Jobless-claims data improves again

Last week’s report on initial unemployment claims was far less encouraging, but the general trend in an encouraging direction continued this week.

The number of Americans who filed requests for jobless benefits fell by 15,000 last week to 372,000, the U.S. Labor Department said Thursday. Claims from two weeks ago were revised up to 387,000 from 381,000. Economists surveyed by MarketWatch had projected claims would drop to a seasonally adjusted 373,000 in the week ended Dec. 31.

The average of new claims over the past four weeks, meanwhile, declined by 3,250 to 373,250, the lowest level since June 2008.

That last part is of particular interest. Week-to-week numbers are obviously more volatile, but the average over the last month or so is the best we’ve seen in over three years.

In terms of metrics, keep in mind, when these jobless claims fall below the 400,000 threshold, it’s evidence of an improving jobs landscape. When the number drops below 370,000, it suggests jobs are actually being created rather quickly. We’ve now been below 400,000 in eight of the last nine weeks, and below 370,000 in two of the last four.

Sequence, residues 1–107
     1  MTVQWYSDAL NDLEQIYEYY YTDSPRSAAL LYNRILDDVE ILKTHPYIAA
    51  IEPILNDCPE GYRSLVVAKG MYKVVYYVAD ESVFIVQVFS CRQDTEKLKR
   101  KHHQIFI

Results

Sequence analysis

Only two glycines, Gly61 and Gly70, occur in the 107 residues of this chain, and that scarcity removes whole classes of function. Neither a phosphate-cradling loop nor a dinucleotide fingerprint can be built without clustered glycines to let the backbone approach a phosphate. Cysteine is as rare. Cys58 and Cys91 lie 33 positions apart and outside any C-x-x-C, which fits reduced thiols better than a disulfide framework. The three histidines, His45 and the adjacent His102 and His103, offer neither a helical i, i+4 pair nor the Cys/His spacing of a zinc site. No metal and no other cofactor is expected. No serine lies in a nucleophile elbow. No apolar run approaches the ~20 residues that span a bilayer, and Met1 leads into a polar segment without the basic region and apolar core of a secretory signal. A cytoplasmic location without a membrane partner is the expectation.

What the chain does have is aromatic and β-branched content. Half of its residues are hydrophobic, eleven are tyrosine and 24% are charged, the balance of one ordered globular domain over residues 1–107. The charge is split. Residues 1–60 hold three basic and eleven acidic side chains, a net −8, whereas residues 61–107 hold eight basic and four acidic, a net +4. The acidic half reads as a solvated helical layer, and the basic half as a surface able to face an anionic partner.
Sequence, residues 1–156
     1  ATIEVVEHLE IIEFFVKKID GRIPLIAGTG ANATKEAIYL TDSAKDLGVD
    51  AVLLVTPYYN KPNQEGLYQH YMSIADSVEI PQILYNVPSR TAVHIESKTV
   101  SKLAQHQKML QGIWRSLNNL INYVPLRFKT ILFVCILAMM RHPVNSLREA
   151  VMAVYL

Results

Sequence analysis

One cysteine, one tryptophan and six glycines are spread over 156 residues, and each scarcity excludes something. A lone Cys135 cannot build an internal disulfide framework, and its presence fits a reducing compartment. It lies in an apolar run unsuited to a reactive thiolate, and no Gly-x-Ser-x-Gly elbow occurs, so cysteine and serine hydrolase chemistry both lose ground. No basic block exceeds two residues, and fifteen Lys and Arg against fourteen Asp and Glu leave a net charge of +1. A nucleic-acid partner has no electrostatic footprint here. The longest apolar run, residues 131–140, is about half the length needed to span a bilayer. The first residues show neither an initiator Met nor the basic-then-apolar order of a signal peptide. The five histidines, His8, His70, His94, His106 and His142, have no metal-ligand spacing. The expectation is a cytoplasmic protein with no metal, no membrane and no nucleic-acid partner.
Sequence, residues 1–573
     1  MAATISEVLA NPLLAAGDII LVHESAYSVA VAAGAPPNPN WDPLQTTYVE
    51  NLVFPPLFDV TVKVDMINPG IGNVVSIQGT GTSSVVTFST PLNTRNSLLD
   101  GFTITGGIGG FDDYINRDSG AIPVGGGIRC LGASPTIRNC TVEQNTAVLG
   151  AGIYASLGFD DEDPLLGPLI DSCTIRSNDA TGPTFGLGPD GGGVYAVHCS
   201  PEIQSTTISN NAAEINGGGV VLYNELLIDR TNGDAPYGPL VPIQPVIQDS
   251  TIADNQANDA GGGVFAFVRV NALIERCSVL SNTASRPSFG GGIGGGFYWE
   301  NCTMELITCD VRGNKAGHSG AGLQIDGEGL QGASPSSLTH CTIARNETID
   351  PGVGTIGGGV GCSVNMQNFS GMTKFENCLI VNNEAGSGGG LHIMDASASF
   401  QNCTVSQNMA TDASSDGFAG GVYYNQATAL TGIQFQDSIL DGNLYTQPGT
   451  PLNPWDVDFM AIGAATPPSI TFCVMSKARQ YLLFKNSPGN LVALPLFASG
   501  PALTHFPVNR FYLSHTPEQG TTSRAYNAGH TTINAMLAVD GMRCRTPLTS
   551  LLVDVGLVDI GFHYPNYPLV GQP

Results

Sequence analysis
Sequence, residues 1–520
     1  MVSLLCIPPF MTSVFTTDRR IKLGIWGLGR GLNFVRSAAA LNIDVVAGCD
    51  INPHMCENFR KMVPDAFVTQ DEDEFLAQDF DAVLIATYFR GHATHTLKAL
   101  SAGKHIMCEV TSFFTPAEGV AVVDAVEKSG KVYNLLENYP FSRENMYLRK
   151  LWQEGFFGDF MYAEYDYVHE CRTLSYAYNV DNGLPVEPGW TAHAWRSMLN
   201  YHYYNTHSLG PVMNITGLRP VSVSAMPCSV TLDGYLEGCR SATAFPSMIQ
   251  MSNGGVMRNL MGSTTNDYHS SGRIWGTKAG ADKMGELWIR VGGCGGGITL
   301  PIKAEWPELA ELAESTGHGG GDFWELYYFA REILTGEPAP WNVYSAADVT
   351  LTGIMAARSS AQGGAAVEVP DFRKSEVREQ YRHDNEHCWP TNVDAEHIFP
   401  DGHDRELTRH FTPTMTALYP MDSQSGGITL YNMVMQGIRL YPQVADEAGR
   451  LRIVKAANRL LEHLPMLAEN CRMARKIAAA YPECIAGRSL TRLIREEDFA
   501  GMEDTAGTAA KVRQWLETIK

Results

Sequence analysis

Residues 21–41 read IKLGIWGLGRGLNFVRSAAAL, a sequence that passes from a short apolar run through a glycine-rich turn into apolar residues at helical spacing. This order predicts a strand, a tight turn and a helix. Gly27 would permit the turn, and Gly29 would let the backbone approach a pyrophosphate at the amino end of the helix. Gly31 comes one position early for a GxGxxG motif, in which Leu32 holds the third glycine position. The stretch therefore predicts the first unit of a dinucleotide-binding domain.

And with that, here’s the new homemade chart, showing weekly, initial unemployment claims going back to the beginning of 2007. (Remember, unlike the monthly jobs chart, a lower number is good news.) For context, I’ve added an arrow to show the point at which President Obama’s Recovery Act began spending money. By popular demand, I’ve also added an x-axis, marking the years reflected in the image.

Incidentally, keep in mind that the new monthly job totals will be released in 24 hours.